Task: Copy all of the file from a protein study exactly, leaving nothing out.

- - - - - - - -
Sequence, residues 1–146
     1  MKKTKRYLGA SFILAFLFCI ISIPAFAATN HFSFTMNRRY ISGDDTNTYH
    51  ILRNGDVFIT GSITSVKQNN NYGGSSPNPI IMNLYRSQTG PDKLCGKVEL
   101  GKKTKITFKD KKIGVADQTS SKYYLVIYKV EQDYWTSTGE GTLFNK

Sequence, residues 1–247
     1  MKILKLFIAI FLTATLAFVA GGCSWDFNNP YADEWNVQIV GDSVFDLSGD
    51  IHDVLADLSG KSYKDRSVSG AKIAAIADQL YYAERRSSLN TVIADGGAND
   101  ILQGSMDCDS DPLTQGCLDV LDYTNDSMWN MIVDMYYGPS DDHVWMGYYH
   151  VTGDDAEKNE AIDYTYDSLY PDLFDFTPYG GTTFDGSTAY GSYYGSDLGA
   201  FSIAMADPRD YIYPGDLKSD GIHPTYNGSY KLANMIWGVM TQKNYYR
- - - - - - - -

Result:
Sequence, residues 1–146
     1  MKKTKRYLGA SFILAFLFCI ISIPAFAATN HFSFTMNRRY ISGDDTNTYH
    51  ILRNGDVFIT GSITSVKQNN NYGGSSPNPI IMNLYRSQTG PDKLCGKVEL
   101  GKKTKITFKD KKIGVADQTS SKYYLVIYKV EQDYWTSTGE GTLFNK

Sequence, residues 1–247
     1  MKILKLFIAI FLTATLAFVA GGCSWDFNNP YADEWNVQIV GDSVFDLSGD
    51  IHDVLADLSG KSYKDRSVSG AKIAAIADQL YYAERRSSLN TVIADGGAND
   101  ILQGSMDCDS DPLTQGCLDV LDYTNDSMWN MIVDMYYGPS DDHVWMGYYH
   151  VTGDDAEKNE AIDYTYDSLY PDLFDFTPYG GTTFDGSTAY GSYYGSDLGA
   201  FSIAMADPRD YIYPGDLKSD GIHPTYNGSY KLANMIWGVM TQKNYYR